|By Dan Kelly, Reading Eagle, Pa.|
At 33, with a graduate degree and married to a lawyer, she certainly didn't expect that to be the case.
But she got laid off last year as an elementary education counselor for the
So now she's a stay-at-home mom, but not by choice.
And as a 30-something disappointed in her financial circumstance, Rauenzahn is not alone.
A pronounced plummet
The study found that the net worth of today's 30-somethings adjusted for inflation is down 21 percent from what the same age group had in 1983.
Stagnant wages, diminishing job opportunities, and lost home values may be merging to paint a vastly different future for people under 40, the study reported. That could mean these young people won't be able to catch up in time to amass enough wealth to even support themselves in retirement. If that remains true it could deal yet another blow to an economy already woozy from the battering that the mortgage crisis,
Meanwhile, political discussions are aimed at preserving the public wealth and benefits of older Americans and baby boomers at the expense of these younger generations.
When her mother was her age, Rauenzahn said, she was working as a registered nurse and her stepfather was a
"My stepdad's benefits covered me through college," she said. "I was the one with benefits, so when I got laid off we not only lost my salary but our benefits. I had to put my kids on CHIP, which is terrible."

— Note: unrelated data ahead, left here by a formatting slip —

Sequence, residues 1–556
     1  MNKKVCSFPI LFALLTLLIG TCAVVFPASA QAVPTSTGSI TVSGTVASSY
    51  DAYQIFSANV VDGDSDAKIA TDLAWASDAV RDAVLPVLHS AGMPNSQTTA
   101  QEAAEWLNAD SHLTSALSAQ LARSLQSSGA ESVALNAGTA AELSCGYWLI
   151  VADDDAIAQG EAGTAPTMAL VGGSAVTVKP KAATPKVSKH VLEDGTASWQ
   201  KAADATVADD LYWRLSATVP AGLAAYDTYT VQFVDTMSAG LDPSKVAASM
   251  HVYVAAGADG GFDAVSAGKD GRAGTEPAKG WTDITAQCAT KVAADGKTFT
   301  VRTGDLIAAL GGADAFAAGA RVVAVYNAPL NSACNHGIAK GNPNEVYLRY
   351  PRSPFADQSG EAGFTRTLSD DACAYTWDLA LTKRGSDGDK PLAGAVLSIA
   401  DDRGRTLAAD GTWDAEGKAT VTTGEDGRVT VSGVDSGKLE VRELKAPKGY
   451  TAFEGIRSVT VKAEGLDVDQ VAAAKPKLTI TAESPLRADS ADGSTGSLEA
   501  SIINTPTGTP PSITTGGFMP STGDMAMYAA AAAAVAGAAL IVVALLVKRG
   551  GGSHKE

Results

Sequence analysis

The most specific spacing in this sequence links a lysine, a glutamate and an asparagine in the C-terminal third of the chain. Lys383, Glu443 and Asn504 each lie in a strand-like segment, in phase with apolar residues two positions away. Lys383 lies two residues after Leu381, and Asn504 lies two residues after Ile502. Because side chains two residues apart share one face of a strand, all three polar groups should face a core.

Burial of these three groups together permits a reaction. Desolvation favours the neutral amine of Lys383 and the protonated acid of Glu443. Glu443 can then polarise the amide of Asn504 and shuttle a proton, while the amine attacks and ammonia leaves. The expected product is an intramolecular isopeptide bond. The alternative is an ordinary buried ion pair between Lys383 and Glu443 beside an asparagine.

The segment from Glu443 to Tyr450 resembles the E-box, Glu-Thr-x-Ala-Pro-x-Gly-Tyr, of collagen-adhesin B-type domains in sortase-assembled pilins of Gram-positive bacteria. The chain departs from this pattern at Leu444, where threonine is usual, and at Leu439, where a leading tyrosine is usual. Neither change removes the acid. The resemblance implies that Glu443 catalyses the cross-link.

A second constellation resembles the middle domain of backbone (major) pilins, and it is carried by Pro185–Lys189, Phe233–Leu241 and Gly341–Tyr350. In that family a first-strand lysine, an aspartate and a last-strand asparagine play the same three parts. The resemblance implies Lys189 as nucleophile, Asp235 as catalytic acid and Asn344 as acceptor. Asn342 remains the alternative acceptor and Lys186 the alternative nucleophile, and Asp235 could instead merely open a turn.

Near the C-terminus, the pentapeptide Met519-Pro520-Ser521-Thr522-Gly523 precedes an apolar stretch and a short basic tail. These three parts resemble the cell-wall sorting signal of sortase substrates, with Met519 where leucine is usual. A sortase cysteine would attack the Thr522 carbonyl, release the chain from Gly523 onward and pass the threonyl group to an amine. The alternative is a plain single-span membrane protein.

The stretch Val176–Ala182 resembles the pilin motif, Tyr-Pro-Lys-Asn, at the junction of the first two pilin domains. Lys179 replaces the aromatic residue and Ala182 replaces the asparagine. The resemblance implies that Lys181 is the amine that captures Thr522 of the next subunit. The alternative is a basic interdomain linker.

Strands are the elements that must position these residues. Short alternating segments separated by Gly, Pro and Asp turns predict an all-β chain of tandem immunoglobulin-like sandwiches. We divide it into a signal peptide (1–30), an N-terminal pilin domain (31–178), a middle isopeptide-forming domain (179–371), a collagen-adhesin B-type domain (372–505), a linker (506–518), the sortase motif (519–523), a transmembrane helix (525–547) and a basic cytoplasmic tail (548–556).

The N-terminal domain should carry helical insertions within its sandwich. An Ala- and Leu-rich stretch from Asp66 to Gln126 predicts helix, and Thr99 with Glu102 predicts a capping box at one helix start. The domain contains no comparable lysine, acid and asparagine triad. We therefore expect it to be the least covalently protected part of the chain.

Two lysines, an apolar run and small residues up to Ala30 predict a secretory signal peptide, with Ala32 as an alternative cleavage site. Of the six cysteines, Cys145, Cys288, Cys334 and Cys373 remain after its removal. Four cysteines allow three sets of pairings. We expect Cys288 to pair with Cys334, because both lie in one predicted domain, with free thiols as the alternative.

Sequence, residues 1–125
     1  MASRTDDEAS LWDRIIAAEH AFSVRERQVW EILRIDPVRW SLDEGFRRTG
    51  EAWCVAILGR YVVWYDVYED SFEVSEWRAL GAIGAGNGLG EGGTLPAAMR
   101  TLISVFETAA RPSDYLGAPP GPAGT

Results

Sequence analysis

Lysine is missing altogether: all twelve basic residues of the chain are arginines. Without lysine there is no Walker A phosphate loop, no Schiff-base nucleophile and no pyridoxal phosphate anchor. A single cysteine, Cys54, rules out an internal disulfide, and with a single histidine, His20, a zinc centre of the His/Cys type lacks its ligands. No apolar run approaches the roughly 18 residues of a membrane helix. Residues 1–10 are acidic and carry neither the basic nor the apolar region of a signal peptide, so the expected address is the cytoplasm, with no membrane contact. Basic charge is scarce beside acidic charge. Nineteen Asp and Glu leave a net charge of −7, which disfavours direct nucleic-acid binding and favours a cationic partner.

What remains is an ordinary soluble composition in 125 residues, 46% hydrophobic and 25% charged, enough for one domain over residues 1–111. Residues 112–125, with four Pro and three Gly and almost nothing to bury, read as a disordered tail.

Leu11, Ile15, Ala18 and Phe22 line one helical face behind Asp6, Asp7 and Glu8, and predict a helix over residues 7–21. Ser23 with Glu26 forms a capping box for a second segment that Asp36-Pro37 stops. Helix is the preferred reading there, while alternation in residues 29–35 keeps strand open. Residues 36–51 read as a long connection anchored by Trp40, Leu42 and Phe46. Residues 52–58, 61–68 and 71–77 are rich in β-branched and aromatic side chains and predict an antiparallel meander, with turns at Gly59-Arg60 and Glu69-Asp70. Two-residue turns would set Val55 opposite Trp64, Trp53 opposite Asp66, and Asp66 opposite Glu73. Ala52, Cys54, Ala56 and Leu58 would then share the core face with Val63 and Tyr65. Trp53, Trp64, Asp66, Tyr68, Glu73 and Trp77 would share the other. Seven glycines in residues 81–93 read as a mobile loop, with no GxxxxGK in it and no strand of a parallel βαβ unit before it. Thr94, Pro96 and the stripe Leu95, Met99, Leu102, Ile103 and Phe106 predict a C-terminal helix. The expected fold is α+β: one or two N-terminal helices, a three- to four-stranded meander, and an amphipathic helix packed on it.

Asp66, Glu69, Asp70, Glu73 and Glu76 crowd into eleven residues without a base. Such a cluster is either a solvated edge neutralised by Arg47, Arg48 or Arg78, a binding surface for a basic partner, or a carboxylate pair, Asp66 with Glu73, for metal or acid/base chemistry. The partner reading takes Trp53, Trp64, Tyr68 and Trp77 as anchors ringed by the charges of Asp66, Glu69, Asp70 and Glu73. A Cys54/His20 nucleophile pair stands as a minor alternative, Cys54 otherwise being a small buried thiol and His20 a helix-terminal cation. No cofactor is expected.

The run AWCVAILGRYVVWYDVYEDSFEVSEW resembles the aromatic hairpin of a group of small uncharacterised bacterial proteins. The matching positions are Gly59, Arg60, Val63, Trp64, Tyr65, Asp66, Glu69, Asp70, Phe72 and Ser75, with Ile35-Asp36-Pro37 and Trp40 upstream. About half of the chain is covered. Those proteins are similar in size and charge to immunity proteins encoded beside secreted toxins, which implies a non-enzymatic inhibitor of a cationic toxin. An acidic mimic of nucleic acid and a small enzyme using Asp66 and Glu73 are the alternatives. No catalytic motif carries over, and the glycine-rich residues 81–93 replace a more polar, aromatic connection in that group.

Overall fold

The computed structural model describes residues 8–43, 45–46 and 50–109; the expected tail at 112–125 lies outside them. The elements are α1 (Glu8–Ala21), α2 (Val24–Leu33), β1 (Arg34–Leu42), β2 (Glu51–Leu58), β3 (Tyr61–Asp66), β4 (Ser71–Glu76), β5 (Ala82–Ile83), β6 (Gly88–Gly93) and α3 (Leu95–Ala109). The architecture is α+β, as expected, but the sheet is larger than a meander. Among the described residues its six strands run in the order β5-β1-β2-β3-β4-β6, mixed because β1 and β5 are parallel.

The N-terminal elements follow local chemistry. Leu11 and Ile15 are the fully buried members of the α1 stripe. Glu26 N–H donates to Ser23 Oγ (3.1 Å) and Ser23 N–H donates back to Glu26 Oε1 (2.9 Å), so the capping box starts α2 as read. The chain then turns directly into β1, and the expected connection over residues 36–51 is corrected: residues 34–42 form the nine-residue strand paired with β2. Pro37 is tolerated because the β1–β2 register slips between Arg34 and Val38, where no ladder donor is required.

The state Child Health Insurance Program provides medical benefits to children whose parents have none.
Rauenzahn said she and her husband,
"It's a government agency so it doesn't pay very well but it provides us benefits," she said.
When the economy went south Ramos lost his job at a law firm in
"It's demoralizing," she said. "You start to lose faith in yourself. You really start to wonder what you did to deserve this."
A fortunate few
He said he's actually doing about the same as his parents were doing in their 30s, but admits that's largely due to the fact that he and his father worked for and owned
Though they provide an essential and inexpensive service, in this economy customers are constantly trying to negotiate for lower prices, he said.
And though they were fortunate to have most of their college paid through scholarships and their parents and grandparents, he and his wife of 12 years, Elissa, 36, worry how they are going to afford college for their son, Finian, 5, and daughter, Maeve, 3.
Still, Keeler's parents,
"I'm very lucky," he said. "I know that."
'Difficult to live at times'
Growing up in
Now, she said, her life is a struggle. Her husband, Andrew, 27, got laid off from a steady job in a warehouse and for the first time in his life hasn't been able to find any full-time work. Jessica can't find a good full-time job either. She works as a hostess at the
For the time being, Jessica and her young family are living with her 74-year-old grandfather,
"We're struggling," Echevarria said. "It's very difficult to live at times."
Even though times are tough, Rauenzahn said she still pays
"You can't stop your life," she said. "That
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|Source:||McClatchy-Tribune Information Services|